Nelson P. Repenning1
John D. Sterman2
Sloan School of Management Massachusetts Institute of Technology
Cambridge, MA USA 02142
Administrative Science Quarterly
Work reported here was supported by the MIT Center for Innovation in Product Development under NSF Cooperative Agreement Number EEC-9529140 and the company described in this paper. Many thanks to Bill Colwell, Laura Cranmer, Dave Lazor, Vic Leo, Frank Murdock, Roger Saillant, Ron Smith and Tim Tiernan for their generous assistance. We thank Lotte Bailyn, John Carroll, Bob Cole, Lee Fleming, Steve Graves, Rebecca Henderson, Drew Jones, Liz Keating, Tom Malone, Jim March, Rogelio Oliva, Wanda Orlikowski, Scott Rockart, Julio Rotemberg, Jenny Rudolph, Ed Schein, Dick Scott, Peter Senge, seminar participants at MIT, three anonymous referees and the editor for their careful reviews and constructive suggestions.
For more information on the research program that generated this paper, visit http://web.mit.edu/nelsonr/www/
1. MIT Sloan School of Management, E53-335, Cambridge, MA USA 02142. Phone 617-258-6889; Fax: 617-258-7579; firstname.lastname@example.org.
2. MIT Sloan School of Management, E53-351, Cambridge, MA USA 02142. Phone 617-253-1951; Fax: 617-258-7579; email@example.com
To better understand the factors that support or inhibit internally-focused change, we report the results of an inductive study of one firmĺ─˘s attempt to improve two of its core business processes. Our data suggest that the critical determinants of success in efforts to learn and improve are the interactions between managersĺ─˘ attributions regarding the cause of poor organizational performance and the physical structure of the workplace, particularly delays between investing in improvement and recognizing the rewards. Building on this observation, we propose a dynamic model capturing the mutual evolution of those attributions, managersĺ─˘ and workersĺ─˘ actions, and the production technology. We use the model to show how managersĺ─˘ beliefs about those that work for them, workersĺ─˘ beliefs about those who manage them, and the physical structure of the environment can coevolve to yield an organization characterized by conflict, mistrust, and control structures that prevent useful change of any type.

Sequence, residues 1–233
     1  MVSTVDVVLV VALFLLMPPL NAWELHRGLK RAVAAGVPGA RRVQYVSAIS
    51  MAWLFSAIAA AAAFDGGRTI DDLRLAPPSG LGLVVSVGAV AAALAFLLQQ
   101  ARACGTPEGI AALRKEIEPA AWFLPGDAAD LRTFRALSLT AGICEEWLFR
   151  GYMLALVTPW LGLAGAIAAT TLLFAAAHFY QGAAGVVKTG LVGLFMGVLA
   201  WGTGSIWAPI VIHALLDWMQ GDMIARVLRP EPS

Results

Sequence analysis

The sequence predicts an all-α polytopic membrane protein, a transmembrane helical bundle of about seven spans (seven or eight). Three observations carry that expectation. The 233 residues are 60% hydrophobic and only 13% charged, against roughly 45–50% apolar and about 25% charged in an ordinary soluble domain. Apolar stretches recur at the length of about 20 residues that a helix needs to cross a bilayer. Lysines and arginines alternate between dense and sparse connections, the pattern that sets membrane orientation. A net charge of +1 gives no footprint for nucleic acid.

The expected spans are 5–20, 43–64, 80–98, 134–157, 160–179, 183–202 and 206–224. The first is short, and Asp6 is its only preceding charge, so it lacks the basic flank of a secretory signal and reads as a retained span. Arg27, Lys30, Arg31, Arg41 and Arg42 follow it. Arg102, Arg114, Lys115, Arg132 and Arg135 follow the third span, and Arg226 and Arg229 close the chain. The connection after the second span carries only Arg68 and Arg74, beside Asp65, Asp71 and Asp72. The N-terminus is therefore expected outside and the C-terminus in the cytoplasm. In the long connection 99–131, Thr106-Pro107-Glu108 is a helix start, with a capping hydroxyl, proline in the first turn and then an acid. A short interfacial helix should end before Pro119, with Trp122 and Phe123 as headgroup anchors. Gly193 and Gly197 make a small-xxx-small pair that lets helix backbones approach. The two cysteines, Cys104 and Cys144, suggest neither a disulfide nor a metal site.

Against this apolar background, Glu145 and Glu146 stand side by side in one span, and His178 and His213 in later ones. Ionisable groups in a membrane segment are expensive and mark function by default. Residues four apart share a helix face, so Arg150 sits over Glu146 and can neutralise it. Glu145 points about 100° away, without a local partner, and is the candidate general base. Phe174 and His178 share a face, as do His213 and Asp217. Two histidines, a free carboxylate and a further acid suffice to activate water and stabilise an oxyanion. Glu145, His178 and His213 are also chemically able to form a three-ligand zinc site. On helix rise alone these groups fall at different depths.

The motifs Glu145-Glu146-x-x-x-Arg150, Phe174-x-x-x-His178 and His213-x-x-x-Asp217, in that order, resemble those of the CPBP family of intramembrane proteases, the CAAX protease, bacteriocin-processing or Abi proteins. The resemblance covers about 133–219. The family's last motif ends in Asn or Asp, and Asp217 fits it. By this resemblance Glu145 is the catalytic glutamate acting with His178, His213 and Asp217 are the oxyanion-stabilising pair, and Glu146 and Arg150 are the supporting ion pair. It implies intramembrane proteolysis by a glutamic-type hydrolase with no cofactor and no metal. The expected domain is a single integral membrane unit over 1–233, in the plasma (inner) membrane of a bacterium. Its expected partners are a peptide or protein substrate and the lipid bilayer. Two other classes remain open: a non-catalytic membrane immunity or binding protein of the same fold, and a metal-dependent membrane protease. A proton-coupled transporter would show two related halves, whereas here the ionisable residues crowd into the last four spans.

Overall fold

You can download the two case studies on which this research is based by clicking on the links below: